14 Oct 2020

Judith Collins' final week attacks 'bizarre', 'desperate' - pundits

6:44 am on 14 October 2020

Political commentators say Judith Collins' efforts to ramp up attacks against Labour in the final week of the election campaign appear to be an effort to shore up support from her party's base.

Judith Collins in Wellington

National leader Judith Collins on the attack, in Wellington. Photo: RNZ / Dom Thomas

The National Party leader came out swinging against Labour on Tuesday, labelling Jacinda Ardern a liar, before claiming yet again that Labour would introduce a wealth tax if it could - a claim the party has rejected many times.

Political commentator and former National staffer Ben Thomas says it's clear Collins is being more provocative in the final week of the campaign.

"Her incentives to do that are, she's looking at bleeding a fair few votes to other parties on the centre right, in particular ACT, and ... it's an attempt to inject some relevance and appear as if the contest is a one-on-one battle between the National leader and the Labour leader."

"I think that when you start accusing a party leader we know has very high favourability ratings, very high trust levels, calling them a liar, that you're not going for median voters, you're not going for those centre voters there.

"You're really trying to appeal to that base."

Ben Thomas

Ben Thomas Photo: Supplied

The language being employed by Collins doesn't "come from a position of strength", he says.

Former United Future leader Peter Dunne thinks Collins' comments were "a little bizarre".

"I think they reflect the fact that National's now not looking to win over uncommitted voters, so much as hold its own base in line, and I think this is what these comments were directed at."

It comes across as desperate, he says.

"I think National now is in a hold-the-line mode, rather than a win mode."

But he also has this to say: "This election is very unusual in the way it's panned out. I think National has gone from earlier in the year, pre-Covid, looking more than likely to win the election, to now looking most unlikely to do so. And I think they've had some trouble adjusting to the change in public mood.

"That's why some of the comments do sound pretty desperate.

"I think some of the internal manoeuvrings look a bit strange as well. And I think it's more because they know they've got a situation they're not going to do well in, they're trying to staunch the wound, so to speak."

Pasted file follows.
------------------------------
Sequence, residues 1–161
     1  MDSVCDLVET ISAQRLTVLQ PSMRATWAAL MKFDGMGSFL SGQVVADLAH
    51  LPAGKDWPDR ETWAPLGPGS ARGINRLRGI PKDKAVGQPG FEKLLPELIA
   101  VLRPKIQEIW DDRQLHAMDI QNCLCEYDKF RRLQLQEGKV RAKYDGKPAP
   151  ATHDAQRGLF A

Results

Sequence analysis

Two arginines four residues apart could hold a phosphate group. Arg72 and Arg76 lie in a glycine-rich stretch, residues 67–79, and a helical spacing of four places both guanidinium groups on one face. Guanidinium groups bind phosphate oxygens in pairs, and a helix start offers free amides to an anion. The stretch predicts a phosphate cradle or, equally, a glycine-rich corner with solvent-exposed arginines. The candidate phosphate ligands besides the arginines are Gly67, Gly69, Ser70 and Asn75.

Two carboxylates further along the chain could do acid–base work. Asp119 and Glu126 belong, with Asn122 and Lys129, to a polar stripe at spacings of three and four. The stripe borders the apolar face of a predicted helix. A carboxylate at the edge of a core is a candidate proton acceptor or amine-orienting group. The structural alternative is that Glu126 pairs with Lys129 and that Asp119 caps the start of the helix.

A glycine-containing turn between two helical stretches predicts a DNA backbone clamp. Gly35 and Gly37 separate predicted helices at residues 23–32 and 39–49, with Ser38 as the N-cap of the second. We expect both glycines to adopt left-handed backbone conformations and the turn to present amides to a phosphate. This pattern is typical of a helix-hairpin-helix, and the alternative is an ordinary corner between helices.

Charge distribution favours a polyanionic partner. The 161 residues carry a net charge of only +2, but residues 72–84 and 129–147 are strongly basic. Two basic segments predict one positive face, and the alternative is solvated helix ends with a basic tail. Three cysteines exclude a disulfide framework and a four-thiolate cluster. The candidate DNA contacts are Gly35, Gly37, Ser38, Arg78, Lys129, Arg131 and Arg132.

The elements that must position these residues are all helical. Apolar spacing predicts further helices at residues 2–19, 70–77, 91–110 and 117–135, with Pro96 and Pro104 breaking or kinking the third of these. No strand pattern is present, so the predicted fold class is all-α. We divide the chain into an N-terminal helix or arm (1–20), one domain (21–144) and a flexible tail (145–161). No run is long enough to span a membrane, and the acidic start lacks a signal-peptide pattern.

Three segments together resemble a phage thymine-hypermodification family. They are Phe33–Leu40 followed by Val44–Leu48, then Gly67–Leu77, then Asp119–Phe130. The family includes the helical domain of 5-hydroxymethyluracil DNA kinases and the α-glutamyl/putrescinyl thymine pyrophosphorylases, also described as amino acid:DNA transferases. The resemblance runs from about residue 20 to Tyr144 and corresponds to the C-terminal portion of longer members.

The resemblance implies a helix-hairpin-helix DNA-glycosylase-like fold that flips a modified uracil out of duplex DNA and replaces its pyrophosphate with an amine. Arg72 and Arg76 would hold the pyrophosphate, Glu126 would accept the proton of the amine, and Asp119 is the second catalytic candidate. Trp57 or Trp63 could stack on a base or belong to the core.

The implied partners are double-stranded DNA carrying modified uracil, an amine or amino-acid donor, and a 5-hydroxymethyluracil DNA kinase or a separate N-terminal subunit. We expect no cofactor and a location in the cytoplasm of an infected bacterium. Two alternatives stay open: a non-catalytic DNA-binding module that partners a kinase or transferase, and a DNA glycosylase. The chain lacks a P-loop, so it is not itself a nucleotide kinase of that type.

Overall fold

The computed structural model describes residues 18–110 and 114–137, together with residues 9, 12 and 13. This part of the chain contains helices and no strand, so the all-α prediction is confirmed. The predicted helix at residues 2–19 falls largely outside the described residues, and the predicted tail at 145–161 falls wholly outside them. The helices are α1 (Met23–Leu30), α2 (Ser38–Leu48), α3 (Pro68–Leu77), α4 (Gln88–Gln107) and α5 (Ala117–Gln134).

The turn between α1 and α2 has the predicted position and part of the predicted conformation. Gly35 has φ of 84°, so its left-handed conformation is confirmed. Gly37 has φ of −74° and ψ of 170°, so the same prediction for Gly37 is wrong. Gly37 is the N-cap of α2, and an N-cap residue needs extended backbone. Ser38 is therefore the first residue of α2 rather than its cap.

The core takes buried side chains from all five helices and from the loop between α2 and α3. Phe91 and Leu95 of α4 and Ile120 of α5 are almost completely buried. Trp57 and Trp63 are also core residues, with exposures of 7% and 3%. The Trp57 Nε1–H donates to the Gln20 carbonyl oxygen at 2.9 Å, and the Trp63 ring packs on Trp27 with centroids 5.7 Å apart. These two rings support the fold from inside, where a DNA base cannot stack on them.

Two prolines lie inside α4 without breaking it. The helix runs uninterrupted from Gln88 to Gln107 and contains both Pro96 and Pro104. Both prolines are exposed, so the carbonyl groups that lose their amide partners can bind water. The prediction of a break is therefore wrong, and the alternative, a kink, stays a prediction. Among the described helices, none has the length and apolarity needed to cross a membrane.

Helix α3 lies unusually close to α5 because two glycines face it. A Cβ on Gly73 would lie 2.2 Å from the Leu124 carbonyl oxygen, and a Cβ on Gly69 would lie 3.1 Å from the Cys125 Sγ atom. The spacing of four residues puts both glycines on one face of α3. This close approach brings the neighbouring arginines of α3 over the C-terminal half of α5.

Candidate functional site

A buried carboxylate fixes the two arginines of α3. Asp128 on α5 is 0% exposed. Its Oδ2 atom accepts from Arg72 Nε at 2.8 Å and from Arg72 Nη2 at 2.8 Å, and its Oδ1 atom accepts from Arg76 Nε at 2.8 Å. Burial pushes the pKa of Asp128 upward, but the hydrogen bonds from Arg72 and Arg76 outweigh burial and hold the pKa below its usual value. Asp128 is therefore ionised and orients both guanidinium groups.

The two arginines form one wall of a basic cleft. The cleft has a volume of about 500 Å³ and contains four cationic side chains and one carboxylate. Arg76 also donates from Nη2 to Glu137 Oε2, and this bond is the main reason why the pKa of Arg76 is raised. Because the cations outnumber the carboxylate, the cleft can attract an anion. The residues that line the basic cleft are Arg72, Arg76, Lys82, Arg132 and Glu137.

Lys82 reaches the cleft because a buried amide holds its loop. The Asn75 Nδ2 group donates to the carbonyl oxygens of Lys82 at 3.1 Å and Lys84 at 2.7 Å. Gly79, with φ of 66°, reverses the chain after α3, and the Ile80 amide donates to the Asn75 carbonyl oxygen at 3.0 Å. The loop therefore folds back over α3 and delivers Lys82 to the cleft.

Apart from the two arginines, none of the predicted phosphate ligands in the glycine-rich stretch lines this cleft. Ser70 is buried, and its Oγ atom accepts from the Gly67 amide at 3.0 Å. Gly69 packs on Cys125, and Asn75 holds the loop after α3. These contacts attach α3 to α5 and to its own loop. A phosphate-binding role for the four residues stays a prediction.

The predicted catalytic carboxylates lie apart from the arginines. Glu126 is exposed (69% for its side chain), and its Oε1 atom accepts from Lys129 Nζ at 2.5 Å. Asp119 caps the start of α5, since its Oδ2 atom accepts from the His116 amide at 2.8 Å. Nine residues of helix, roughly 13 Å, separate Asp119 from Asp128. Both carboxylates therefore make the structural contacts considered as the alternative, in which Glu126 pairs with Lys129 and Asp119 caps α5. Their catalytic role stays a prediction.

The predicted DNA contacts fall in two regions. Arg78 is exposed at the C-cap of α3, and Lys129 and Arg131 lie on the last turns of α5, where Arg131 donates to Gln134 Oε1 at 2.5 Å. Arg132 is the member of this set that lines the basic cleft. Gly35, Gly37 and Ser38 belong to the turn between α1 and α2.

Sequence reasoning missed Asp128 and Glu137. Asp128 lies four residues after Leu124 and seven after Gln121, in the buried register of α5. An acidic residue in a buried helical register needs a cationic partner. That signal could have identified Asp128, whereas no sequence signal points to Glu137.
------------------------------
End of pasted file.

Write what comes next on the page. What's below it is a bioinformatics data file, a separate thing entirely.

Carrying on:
Long campaign, long year

University of Auckland politics lecturer Dr Lara Greaves says it's been a long campaign and a "very" long year.

"I think potentially at this point of the campaign more of the mistakes start to slip in, whereas earlier on people sort of had the energy, had the fight in them.

But at this point there's a lot of talk of her not doing so well ... there's a lot of pressure on Judith Collins at the moment, and you can see some of the mistakes really coming in."

Lara Greaves

Dr Lara Greaves. Photo: supplied

She says it's hard to know if Collins' negativity is a strategy or not.

"It's kind of unclear exactly who she is trying to appeal to here. I mean at this point, around half of the voters have voted. It's not clear whether this is something that a swing voter or fence-sitter would be that into.

"Potentially she is trying to look towards that National Party base, trying to take some voters from ACT, or some old New Zealand First voters from those segments that are a little more fiery and would view some of those comments she's made today as a little more acceptable."

She doesn't necessarily think it will win over swing voters.

"I think realistically, she's just trying to save the furniture, and it's not really clear that this is a good strategy for that."

Post-election rebuild

Greaves says National needs to do some rebuilding and thinking about what a right wing party looks like in 2020 - and whether Collins should stay on as leader.

"It wouldn't be bizarre if she stayed on as leader, but it's going to be really hard for her."

Peter Dunne

Former United New Zealand leader Peter Dunne Photo: RNZ

Dunne says National needs to take a "good hard look at themselves" post-election.

"I think if you look back over the last three years, National probably wasted two years of that lamenting the fact it wasn't the government after the last election.

"I think if they are to be serious contenders in 2023 they've got to start from Sunday really, focusing on how they're going to win that election, and stopping their own infighting and getting their act together."

Thomas says every party has to do a stocktake after a defeat.

"It will be a bit of a shock for National after the election. In 2017 they weren't returned to government but their caucus was essentially still the same size, they were still the largest party, they still had a lot of that core of the Key-English government left, it'll be a wholly different situation after this election.

"They will lose a lot of seats, they will be a much smaller party in Parliament, and that will require a lot of reflection. They way the go about things and the way they position themselves will have to change."

Judith Collins will be hitting the streets of Hamilton today, while Jacinda Ardern will be on the trail in Christchurch.

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